What is a 'Premium'
Premium has multiple meanings in finance: (1) it's the total cost to buy an option, which gives the holder the right but not the obligation to buy or sell the underlying financial instrument at a specified strike price; (2) it's the difference between the higher price paid for a fixed-income security and the security's face amount at issue, which reflects changes in interest rates or risk profile since the issuance date; and (3) the specified amount of payment required periodically by an insurer to provide coverage under a given insurance plan for a defined period of time. The premium compensates the insurer for bearing the risk of a payout should an event occur that triggers coverage. The most common types of coverage are auto, health, and homeowners insurance.
BREAKING DOWN 'Premium'The three usages of the term premium all involve payment for something that is perceived to have value.
The buyer of an option has the right but not the obligation to buy (with a call) or sell (with a put) the underlying instrument at a given strike price for a given period of time. The premium that is paid is its intrinsic value plus its time value; an option with a longer maturity always costs more than the same structure with a shorter maturity. The volatility of the market and how close the strike price is to the then-current market price also affect the premium.
Sophisticated investors sometimes sell one option (also known as writing an option) and use the premium received to cover the cost of buying the underlying instrument or another option. Buying multiple options can either increase or reduce the risk profile of the position, depending on how it is structured.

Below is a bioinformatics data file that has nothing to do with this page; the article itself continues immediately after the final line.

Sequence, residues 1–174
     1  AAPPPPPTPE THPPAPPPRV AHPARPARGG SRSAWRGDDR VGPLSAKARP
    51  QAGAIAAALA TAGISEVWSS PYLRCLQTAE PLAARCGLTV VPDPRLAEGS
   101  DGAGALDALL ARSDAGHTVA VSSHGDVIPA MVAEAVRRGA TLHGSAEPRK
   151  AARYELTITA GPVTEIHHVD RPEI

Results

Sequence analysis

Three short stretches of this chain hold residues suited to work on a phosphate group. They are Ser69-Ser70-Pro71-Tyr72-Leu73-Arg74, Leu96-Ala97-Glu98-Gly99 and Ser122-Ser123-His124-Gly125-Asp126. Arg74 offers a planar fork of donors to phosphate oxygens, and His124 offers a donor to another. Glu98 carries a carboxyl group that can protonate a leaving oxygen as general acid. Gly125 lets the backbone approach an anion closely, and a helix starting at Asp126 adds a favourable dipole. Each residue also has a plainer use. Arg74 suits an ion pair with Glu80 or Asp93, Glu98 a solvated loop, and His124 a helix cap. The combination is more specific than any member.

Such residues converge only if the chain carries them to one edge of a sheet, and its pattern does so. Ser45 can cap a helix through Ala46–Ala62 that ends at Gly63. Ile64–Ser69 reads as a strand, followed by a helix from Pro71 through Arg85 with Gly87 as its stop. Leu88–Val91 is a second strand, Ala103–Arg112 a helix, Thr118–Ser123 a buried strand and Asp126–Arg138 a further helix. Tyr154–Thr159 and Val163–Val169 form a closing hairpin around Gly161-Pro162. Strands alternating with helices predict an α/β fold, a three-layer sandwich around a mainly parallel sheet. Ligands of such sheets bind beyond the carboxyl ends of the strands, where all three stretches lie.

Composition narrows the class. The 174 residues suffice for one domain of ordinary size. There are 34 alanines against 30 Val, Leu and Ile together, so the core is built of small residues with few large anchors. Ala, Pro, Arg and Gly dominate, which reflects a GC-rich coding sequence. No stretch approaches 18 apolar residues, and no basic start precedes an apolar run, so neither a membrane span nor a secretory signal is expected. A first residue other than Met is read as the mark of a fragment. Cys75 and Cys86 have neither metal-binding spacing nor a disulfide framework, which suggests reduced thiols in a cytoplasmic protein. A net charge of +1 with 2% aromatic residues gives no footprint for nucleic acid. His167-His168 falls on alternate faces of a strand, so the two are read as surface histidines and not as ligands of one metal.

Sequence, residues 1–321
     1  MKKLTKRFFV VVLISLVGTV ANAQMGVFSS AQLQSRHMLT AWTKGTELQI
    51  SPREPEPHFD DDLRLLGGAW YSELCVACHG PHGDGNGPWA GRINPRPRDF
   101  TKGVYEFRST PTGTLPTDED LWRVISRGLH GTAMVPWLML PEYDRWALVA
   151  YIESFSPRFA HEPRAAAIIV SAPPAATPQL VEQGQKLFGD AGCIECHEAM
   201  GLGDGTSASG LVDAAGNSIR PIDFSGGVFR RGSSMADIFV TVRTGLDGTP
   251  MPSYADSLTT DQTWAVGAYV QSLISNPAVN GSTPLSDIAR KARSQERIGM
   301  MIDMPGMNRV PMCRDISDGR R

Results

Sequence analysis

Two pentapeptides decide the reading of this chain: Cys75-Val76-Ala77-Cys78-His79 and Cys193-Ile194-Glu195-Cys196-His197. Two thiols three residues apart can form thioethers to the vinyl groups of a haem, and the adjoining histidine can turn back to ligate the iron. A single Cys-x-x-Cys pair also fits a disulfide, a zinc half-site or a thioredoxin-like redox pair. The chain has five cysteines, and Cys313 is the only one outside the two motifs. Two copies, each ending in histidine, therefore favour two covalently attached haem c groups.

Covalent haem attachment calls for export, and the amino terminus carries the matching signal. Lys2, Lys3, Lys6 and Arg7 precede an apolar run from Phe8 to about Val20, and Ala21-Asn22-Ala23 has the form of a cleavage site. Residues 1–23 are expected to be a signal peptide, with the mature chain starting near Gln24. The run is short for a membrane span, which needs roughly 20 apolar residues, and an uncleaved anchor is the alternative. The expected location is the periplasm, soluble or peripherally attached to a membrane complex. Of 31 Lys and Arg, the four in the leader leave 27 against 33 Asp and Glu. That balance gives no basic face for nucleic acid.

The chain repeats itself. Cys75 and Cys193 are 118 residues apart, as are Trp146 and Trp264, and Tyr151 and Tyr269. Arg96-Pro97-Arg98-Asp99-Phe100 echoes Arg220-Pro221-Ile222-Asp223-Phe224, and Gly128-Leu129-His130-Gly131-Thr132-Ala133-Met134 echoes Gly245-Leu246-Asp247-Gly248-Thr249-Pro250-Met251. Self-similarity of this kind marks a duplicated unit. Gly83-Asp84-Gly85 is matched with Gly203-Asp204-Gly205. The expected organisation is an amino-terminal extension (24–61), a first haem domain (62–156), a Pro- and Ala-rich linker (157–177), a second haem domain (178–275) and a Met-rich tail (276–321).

Bond Price Premium
The concept of a bond price premium is directly related to the principle that the price of a bond is inversely related to interest rates; if a fixed-income security is purchased at a premium, this means that then-current interest rates are lower than the coupon rate of the bond. The investor thus pays a premium for an investment that will return an amount greater than existing interest rates.
Premiums are paid for many types of insurance, including health insurance, homeowners and rental insurance. A common example of an insurance premium comes from auto insurance. A vehicle owner can insure the value of his or her vehicle against loss resulting from accident, theft, fire and other potential problems. The owner usually pays a fixed premium amount in exchange for the insurance company's guarantee to cover any economic losses incurred under the scope of the agreement.
Premiums are based on both the risk associated with the insured and the amount of coverage desired.